Literally translated from Gaelic means ‘a fertile piece of ground of St. Fillan’
Founded by Alexander Reid, a barley farmer and school teacher in 1824, The Macallan distillery was one of the first in Scotland to be legally licensed. Since then they have been obsessed with quality. From its very own farmland used exclusively to grow barley to make their whiskies to their quality controls of its wood from forest to cask, The Macallan Estate is truly an exceptional distillery.
In the past, barleys were grown by farmers on the lands around The Macallan. Distillery. However, by winter, with little activity on the farm, the surplus barley would then be fermented and distilled into whisky. To add to that, the cool, wet weather provided plenty of cooling water for the stills. The whisky can be drunk straight out of the stills or stored for consumption or sold in the market.
The Six Pillars are the foundation of the character and values that transformed Macallan into who they are today.
The Macallan Estate covers 390 acres (158 hectares) of land, some of these acres are used to produce an exclusive variety of barley to make The Macallan. One acre of land can provide nearly two and a half tonnes of barley which can produce around 1,800 bottles of The Macallan.
Next, people often wondered about Macallan’s small spirit stills, they are even the smallest on Speyside. Their unique size and shape give the spirit maximum contact with the copper, helping to concentrate the ‘new make’ spirit, providing those rich, fruity, full-bodied flavours; the very characteristics of The Macallan.
These stills are so famous that they have appeared on the back of a Bank of Scotland £10 banknote!
The Master of Spirit
Water used in the production of The Macallan is drawn from springs deep beneath the ground on The Macallan estate, close to the confluence of the Ringorm Burn and the river Spey. This spring water gushes up through the world’s oldest known geological rocks, known as Precambrian rocks. The water is soft and pure, with ideal levels of minerals and salts for the yeast to ferment the sugary solution (‘wort’). It is added both at the mashing stage as well as later on, to reduce the alcohol strength of The Macallan prior to bottling.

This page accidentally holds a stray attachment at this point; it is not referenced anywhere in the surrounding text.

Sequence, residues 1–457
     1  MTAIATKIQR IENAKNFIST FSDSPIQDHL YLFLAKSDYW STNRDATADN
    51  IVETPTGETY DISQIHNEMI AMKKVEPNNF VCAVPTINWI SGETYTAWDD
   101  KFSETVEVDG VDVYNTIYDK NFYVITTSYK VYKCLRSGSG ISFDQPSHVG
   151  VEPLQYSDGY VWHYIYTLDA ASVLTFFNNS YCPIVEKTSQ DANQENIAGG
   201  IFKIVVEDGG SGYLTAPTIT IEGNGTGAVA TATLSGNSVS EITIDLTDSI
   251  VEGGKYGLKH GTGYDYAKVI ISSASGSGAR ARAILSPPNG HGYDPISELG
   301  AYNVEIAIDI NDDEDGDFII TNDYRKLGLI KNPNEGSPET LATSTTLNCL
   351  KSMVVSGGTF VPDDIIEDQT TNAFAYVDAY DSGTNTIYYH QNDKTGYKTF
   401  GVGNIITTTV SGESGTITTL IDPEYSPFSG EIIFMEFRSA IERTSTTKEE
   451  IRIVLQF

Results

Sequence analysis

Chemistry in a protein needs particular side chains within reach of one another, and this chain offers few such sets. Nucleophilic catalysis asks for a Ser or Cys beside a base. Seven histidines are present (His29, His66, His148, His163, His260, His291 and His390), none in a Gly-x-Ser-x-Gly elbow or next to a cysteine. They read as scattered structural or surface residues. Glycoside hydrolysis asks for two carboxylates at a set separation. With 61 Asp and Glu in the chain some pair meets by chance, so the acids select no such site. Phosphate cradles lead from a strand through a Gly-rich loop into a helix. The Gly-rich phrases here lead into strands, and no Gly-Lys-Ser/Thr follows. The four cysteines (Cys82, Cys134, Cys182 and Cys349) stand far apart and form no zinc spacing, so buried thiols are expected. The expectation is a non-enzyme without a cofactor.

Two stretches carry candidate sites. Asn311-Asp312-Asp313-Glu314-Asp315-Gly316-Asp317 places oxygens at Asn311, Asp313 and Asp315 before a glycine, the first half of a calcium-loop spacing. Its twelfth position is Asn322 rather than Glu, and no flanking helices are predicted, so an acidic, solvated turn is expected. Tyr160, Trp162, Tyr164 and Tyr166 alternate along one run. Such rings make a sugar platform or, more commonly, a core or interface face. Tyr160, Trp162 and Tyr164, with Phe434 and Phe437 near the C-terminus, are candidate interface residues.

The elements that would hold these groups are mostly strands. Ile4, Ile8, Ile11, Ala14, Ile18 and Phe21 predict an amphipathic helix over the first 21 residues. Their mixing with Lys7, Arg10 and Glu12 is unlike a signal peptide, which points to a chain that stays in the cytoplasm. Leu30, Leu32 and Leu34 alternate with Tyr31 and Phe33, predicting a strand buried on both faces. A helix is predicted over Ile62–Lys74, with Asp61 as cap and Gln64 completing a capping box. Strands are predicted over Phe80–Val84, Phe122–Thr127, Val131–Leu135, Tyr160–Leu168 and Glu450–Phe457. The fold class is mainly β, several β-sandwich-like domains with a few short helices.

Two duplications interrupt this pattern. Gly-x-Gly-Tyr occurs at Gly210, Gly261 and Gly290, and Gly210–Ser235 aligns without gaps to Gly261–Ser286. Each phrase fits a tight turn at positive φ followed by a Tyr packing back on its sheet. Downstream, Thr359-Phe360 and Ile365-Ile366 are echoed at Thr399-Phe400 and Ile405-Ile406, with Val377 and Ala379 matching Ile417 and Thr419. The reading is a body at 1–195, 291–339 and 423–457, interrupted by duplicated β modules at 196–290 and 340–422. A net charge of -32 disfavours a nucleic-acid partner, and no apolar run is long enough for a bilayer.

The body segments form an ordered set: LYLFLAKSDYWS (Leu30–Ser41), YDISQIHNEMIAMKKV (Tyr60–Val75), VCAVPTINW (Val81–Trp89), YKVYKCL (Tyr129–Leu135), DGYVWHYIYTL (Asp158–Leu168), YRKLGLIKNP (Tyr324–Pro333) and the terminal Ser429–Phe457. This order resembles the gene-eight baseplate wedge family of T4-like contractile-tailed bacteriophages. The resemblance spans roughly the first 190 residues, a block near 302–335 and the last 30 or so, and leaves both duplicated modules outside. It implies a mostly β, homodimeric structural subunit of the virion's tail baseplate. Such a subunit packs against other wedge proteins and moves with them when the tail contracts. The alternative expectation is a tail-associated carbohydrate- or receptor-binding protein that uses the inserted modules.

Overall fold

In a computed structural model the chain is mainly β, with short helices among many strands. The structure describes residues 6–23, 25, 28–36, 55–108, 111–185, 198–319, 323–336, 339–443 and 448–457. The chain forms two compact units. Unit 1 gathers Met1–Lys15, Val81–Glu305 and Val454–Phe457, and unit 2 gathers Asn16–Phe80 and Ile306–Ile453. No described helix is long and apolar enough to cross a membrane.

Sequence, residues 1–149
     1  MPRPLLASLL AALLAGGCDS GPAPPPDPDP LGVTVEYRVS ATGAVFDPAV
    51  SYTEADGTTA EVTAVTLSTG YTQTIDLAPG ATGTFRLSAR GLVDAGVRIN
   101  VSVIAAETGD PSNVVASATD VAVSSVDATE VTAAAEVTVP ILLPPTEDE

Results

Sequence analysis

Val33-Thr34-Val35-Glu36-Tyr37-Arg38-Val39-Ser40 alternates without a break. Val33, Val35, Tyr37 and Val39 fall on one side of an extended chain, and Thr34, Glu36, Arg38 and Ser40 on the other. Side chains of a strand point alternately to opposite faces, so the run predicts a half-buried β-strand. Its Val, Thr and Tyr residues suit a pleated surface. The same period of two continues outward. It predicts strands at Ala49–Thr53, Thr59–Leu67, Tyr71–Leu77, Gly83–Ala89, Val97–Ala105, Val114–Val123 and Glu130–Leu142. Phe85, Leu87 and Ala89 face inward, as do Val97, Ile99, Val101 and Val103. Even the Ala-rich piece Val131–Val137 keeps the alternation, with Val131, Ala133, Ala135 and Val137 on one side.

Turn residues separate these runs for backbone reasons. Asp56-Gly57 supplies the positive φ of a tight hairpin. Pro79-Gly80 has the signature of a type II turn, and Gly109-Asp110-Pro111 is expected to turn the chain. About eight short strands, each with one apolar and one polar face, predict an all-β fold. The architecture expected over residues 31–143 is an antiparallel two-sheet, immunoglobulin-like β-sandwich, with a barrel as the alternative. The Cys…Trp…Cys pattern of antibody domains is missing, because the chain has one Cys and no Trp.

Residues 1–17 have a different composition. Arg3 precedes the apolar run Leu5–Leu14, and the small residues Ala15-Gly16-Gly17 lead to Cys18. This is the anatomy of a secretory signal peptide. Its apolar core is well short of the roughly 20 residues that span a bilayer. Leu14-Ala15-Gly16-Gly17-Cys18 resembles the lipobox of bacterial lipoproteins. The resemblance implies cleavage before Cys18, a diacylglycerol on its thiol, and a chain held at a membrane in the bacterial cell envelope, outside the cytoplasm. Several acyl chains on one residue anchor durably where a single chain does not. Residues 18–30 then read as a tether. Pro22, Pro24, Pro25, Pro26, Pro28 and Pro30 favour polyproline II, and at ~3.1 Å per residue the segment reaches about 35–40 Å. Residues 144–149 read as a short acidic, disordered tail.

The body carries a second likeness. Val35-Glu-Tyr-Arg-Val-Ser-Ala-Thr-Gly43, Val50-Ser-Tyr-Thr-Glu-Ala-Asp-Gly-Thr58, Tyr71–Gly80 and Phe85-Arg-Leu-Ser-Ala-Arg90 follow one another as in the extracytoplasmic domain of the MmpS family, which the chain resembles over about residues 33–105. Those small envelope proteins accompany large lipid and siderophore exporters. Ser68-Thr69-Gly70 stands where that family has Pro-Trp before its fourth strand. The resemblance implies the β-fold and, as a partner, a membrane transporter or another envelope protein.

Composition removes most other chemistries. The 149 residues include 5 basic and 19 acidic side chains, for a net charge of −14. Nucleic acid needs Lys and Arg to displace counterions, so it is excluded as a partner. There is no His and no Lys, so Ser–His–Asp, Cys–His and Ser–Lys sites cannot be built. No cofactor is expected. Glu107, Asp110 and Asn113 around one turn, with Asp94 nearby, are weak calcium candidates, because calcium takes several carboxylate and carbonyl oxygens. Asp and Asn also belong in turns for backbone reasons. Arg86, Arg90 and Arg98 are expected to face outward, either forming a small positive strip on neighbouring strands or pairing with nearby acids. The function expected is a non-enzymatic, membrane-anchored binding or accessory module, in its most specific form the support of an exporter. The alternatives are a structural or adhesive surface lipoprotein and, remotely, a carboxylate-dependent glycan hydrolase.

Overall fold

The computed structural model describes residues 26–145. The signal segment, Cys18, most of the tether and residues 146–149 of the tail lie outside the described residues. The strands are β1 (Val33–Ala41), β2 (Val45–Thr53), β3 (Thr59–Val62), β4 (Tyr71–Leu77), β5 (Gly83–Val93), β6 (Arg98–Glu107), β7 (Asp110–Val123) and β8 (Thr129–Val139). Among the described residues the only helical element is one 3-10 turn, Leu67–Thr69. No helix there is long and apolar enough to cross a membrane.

Barley is the only cereal used to make The Macallan. It is sown in the spring and harvested in the early autumn, growing well on the light, on soils of The Macallan estate. A percentage of these barley used in the malting process is called Minstrel; exclusively grown by farmers for the use of The Macallan only. This further contributes to the characteristically rich, oily character of the ‘new make’ spirit.
Only around 16% of the spirit is collected from the spirit stalls at an exceptionally slow boil rate. It will then be filled into a cask to mature. This percentage of spirits collected is the best of the best, the lowest in the industry. But this gives The Macallan a full-body richness to it, the clear colourless spirit collected has an average 69.8% of alcohol.
Macallan’s Oak Maturation Cask
Macallan’s Master of Wood, Stuart MacPherson
The Macallan’s oak maturation casks are another significant contributor to their outstanding quality, natural colours and distinctive aromas and flavours of The Macallan. This is no surprise since The Macallan spends more per cask than any other distillery in sourcing, crafting, seasoning and caring for its casks. Primary aromas and flavours derived from:
Even the Spanish and American oak sherry seasoned cask are made from the woods from the forest found in The Macallan Estate. Everything is clearly controlled by The Macallan from wood to cask, delivering rich and natural diversity to its collection.
Clearly, the obsession with quality did pay off with its whiskies winning prestige awards like the Queen’s Award for Enterprise (for the sixth time) as well as accolades and praises from experts and connoisseurs worldwide.
Do check out our range of Macallan Collection!
Source: The Macallan Distillery Official Website